SMO925M. (photo pending) This was a Renault 16TS, which we bought on 06.07.76 when it had 21,000 miles on the clock. The Renault had a column gear, and the most versatile of seating arrangements. A front arm rest folded down to allow 3 in the front, and the rear seat could be moved back and forwards to increase leg room or boot space depending on requirements. For a while we had three cars in the family, all with different gear changes. Chris had the use of her dad's Viva, with conventional gear change, we still had the 16TS with column change, and we had just got the 20TL, auto.
This was a white Morris 1300GT, with hydrolastic suspension, and was a lot more comfortable than our previous car, a Mini. I'll try to look out a better picture. It had quite good performance, for the period. It let me down returning from Aberdeen to Harlow, but luckily I was a memebr of AA relay service, and they took me and the car from Perth to Harlow, but it was a long journey. It needed a new idler gear, which meant removing and stripping the engine. I hired a hydraulic lift to do this, and manhandled the enging on a sort of trolley into the lift, and up to my 8th floor flat. I bought an old banger - a Morris Minor to keep me mobile whilst I did the repair.
TRS 440. This was a red Mini Cooper with a black roof. It was quite a fun car, but second hand it wasn't really reliable, and I was always having to do running repairs (I don't know how many times I replaced the radiator bypass hose), or tuning the twin carbs. It nearly always needed a repair (wheel bearings, drive shaft, valves) after every journey Harlow to Aberdeen. Sometimes it would get me up to Aberdeen, but have to be repaired to enable it to tackle the return journey. Now, any modern car takes the journey in its stride. The biggest job I did on it was to replace the gear box. But for all that, I really liked that car, and I have always had a soft spot for a Mini.
Photo pending. This was a a Triumph Herald, my first car. Access for repairs was excellent as the bonnet and wings hinged up and forwards to reveal everything. The rubber supension kept squeeking, and I was always brushing brake fuid onto the rubber to stop this. A full tank was about 4 gallons at 4 shillings and 10 pence - i.e. less than a pound in total, but this was a lot at the time, and I was a poor student.
Although not a family car, I thought I would add a picture of what used to be the current scooter. It was a Suzuki Burgman AN250 - the 250 stands for 250cc. It was an automatic with electric start, all the gizmos and a huge storage box under the seat. Its had good acceleration and performance and was quite a change after a lifetime of Vespas. It wasn't really a considered purchase. I took the Vespa in for its MOT. It failed, but would have got through with c £100 of work. However the tester said although he would then pass it this year, it would probably fail next year as there was a lot of rust on the sub frame. The failure cancelled the current MOT certificate, so I could take the bike home, but then I could not use it on the road. So I could not take it to Southend to get another Vespa. To cut a long story short, to stay mobile, I looked at what scooters the MOT place had in stock. There were no Vespas, so I picked the best of what they had, traded in the Vespa for £50, and so ended up with the Suzuki.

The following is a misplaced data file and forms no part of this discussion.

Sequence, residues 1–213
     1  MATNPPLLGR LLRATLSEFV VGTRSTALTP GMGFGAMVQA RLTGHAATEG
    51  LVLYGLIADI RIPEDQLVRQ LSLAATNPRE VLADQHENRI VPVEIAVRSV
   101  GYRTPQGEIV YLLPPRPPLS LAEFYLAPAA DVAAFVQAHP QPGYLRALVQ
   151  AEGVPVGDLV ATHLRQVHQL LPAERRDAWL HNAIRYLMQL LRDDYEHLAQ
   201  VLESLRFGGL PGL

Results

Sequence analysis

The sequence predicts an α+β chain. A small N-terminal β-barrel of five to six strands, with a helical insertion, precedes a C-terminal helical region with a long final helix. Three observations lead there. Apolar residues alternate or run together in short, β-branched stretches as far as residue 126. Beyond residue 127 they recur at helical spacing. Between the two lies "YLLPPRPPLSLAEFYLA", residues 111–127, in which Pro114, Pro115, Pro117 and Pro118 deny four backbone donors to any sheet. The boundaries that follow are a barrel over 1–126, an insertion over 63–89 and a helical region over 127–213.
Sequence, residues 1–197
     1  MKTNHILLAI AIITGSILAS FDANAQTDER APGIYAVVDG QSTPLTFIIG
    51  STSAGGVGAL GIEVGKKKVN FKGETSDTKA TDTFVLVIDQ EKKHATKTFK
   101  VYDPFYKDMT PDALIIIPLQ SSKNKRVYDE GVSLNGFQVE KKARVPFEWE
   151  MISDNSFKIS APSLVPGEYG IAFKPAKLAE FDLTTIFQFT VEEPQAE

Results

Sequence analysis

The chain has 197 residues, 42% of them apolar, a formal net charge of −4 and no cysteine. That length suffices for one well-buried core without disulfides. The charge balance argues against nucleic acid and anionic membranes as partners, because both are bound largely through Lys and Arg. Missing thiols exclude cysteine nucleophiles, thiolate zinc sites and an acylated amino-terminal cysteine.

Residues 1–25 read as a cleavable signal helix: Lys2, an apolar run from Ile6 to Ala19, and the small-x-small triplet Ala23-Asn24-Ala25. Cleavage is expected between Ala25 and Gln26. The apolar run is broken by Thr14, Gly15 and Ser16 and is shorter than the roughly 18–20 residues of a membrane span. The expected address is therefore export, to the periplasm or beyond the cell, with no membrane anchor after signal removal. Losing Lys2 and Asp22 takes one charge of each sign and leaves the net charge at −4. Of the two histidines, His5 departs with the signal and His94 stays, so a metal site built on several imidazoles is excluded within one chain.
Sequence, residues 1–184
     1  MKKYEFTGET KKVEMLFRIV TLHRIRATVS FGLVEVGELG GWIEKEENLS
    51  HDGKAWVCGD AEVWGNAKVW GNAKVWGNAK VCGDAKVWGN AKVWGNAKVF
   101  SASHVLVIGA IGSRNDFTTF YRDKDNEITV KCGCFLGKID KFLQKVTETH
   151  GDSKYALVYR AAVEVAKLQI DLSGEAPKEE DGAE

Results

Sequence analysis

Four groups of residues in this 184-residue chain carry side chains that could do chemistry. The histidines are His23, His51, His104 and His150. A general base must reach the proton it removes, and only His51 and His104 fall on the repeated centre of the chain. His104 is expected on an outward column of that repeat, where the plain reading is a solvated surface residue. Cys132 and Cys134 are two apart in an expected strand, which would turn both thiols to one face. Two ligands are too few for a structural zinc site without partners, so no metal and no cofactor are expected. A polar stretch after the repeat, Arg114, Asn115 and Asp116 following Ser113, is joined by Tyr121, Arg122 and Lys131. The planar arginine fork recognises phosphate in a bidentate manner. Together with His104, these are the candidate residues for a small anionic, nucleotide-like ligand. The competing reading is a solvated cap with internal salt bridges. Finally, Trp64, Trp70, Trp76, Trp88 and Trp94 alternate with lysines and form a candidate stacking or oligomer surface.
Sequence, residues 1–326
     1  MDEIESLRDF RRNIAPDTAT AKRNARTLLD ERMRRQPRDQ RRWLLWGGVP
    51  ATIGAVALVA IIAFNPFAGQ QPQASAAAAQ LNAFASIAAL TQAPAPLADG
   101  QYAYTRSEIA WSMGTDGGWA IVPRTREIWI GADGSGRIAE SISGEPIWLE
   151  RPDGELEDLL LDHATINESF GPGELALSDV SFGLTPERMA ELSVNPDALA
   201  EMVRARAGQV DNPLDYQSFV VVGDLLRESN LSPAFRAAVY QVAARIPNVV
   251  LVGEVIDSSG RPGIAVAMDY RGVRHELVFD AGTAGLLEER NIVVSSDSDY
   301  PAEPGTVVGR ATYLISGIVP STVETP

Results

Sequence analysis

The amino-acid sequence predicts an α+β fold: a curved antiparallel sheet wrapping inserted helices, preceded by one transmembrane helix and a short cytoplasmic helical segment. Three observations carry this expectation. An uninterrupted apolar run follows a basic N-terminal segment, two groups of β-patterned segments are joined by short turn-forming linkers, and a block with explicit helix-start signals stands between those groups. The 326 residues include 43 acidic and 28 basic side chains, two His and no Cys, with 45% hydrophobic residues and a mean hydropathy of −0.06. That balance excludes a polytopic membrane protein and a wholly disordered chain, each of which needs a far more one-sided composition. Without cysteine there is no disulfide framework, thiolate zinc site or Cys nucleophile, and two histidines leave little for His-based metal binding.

I got my first scooter when I was still a school boy in Aberdeen, and I used to give my sister a pillion lift to her school. This was a long time ago when Aberdeen winters were a lot colder than they are today, and winter frosts lasted longer. So we slithered over slidy roads with all the confidence of youth. Nowadays I would be doing about 5 mph over such surfaces - but I was always an all weather biker. With helmet, jacket, waterproof trousers, and thick gloves it takes a while to get togged up, but then you usually keep more or less dry underneath all that lot. Its only the gloves that let me down really - although quite good webbed ones ( thumb and two fingers) they are not really up to winter frosts and then my fingers usually get quite numb, especially the finger tips.
In April, 2010 I took the Suzuki for its annual MOT, and was amazed to discover that I had only done 150 miles in a whole year. I no longer commuted to work, no longer had to go to Chemlsford for twice monthly blood tests, and no longer took the scooter to get the morning paper. In short, I no longer used the scooter, but it was taking up valuable room in the garage. So, I sold the final (I think) scooter on 30th April, 2010. The end of an era streatching back over 50 years ! Its a bit sad really.